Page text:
06/06/98 rev 01/12/07
EVOLUTIONThe TSL layout started in 1965 as my wife and I finished construction of our Pocatello ID home. Having constructed a house while holding down a full time job, we'd lost most social contacts, so it was fairly easy to move the house building time into the TSL. The basement was unfinished and there was no money to finish it. I lucked into an estate sale and picked up an assortment of HO rolling stock and a couple hundred feet of nickel silver track on old warped tie strip. No problem- Had some redwood left over from the soffit construction so we ran it through the 10 inch radial arm saw until it was 80% sawdust and 20% ties. I'd already learned to build switches so Malfunction Junction was hand laid on redwood ties. Switch machines were made from 48 volt telephone relays salvaged from a local scrap dealer at 8 cents/pound. The stacks of contacts made power routing easy.
The layout started on a 1 x 4 meter bench that would later be known as Malfunction Junction (MFJ). The first mainline went all the way around the perimeter of the basement, nearly 200 feet of handlaid, code 100 rail on redwood ties. Pretty nice, having such a long run until one day a whole train went to the concrete and I didn't even witness the tragedy. LESSON! A long run is valueless if you can't see or follow the train and enjoy its action. Better to run it into a hidden holding track and let time go by before it emerges.
We laid out our basement finishing plan and allocated a 4 x 4 meter room for the TSL with a 0.3 meter (one foot) right of way around the adjacent 4 x 10 meter family room. The narrow right of way would permit a twice around loop and make a very nice reasonable main line run, with room for a couple of passing sidings, but it did present a political challenge to acquire it. Our son Randy, was only seven, but a very enthusiastic model railroader, as he is today, many years later. Together we impressed upon the Real Estate Manager the importance of granting the new route. The other challenge was the frequently used entrance doorway. A duck-under or lift bridge was not acceptable, so we had to design a doorway that could carry two levels of track and yet be freely used with minimal precautions.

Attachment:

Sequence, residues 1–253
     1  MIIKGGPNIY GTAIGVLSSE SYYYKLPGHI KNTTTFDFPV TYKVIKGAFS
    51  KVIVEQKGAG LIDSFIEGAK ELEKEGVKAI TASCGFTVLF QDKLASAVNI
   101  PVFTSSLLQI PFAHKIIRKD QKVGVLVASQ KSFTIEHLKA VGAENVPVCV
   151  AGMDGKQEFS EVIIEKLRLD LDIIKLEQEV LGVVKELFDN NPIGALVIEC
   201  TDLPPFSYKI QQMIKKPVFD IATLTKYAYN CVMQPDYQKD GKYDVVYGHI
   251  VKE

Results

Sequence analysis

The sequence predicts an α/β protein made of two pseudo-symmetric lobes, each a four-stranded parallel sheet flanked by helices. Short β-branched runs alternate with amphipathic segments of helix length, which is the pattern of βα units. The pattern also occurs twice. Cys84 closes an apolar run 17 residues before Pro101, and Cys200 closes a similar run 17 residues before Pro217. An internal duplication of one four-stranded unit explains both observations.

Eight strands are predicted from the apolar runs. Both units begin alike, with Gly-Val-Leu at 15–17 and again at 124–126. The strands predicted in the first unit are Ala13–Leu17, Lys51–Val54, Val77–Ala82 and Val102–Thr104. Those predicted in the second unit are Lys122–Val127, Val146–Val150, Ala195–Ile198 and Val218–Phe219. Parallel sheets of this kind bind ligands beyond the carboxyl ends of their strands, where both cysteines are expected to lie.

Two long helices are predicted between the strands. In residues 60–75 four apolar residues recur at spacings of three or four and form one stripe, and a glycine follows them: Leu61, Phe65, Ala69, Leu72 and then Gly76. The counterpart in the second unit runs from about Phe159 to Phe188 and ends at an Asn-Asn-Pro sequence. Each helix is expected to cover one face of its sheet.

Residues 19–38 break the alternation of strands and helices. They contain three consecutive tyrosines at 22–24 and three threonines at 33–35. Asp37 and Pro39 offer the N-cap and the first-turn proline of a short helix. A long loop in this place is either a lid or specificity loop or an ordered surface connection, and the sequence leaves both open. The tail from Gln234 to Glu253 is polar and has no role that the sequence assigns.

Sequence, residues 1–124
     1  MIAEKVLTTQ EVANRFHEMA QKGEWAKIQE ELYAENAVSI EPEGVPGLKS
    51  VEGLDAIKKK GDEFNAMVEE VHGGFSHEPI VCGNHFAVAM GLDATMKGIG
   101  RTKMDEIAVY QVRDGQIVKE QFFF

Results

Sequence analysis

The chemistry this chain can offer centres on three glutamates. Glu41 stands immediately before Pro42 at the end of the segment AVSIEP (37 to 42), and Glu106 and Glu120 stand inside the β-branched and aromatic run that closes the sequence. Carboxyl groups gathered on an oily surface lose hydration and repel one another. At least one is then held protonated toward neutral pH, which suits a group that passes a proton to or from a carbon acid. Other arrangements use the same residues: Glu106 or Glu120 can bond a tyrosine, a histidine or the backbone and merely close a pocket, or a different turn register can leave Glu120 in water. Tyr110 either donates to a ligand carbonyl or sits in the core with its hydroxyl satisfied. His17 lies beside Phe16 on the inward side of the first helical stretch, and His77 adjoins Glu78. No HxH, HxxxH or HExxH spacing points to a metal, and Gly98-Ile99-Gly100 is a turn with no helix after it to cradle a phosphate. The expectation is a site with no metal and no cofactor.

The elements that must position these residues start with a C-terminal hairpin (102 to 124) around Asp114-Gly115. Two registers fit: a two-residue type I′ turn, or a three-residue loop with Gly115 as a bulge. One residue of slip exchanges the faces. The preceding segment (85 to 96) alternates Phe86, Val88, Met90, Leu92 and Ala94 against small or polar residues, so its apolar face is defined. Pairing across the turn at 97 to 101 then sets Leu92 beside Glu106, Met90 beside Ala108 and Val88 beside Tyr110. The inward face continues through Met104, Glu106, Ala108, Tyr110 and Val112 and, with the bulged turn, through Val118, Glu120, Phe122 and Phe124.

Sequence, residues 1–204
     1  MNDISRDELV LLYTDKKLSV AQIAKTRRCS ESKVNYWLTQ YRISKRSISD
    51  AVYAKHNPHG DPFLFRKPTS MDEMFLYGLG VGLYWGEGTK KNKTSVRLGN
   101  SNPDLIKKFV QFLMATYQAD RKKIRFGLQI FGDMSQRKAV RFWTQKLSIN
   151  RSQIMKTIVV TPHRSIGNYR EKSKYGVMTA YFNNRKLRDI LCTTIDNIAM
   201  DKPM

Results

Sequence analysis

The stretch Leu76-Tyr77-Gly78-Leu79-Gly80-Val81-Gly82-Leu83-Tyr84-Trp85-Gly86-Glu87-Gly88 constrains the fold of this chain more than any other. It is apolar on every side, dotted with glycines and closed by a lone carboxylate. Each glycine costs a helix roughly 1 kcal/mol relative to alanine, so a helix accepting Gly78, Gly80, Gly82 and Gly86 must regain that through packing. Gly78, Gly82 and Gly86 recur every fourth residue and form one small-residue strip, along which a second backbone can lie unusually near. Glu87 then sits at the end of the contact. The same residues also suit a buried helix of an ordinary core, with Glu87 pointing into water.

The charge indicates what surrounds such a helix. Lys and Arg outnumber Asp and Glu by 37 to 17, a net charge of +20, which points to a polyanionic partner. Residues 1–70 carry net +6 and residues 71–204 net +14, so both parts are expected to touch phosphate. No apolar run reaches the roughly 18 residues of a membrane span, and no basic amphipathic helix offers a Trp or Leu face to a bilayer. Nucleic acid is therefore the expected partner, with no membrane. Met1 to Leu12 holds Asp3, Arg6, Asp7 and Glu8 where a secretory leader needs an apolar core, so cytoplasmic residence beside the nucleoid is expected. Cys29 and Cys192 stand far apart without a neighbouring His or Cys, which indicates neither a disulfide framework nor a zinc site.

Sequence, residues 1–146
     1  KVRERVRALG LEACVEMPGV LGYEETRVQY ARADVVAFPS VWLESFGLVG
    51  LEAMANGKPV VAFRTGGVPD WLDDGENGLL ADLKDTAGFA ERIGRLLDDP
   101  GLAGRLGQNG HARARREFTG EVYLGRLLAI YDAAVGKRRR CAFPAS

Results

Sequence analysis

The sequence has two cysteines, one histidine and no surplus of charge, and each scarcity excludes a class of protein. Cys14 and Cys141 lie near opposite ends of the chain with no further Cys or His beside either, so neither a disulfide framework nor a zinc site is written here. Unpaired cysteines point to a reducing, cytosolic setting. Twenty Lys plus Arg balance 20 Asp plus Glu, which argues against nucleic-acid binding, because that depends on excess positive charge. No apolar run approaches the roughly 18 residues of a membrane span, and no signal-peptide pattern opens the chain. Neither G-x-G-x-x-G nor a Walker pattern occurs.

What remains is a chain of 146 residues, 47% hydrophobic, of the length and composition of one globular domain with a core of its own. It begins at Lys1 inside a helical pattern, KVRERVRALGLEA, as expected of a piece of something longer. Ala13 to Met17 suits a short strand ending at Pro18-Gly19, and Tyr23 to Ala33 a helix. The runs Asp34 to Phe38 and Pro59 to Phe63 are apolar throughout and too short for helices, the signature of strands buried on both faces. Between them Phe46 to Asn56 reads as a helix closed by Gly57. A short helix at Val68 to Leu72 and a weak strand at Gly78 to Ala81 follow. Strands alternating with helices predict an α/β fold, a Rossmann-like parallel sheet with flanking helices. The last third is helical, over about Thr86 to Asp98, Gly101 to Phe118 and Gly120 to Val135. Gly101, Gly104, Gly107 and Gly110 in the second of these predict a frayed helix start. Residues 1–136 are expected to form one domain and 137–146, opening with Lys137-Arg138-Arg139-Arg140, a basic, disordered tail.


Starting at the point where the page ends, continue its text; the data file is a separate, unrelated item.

From the beginning, at six years of age our son Randy had a 1 x 4 meter bench on the opposite side of the room from MFJ, for his railroad. It had a connection to the mainline, a handfull of snaptrack, switchs, a power supply and Lego blocks. Until years later, when we merged, this was his area and I never built anything on it. We would work together learning how to build a tree for example, then trash the training material, so it was all his. At first, it was rebuilt weekly with Lego blocks, then monthly and at longer intervals, as he developed skills. We built a hidden balloon track and staging tracks under the mountains in the center of the 4 x 4 meter railroad room. LESSON! Don't build storage or holding tracks in awkward to reach areas- you will regret it.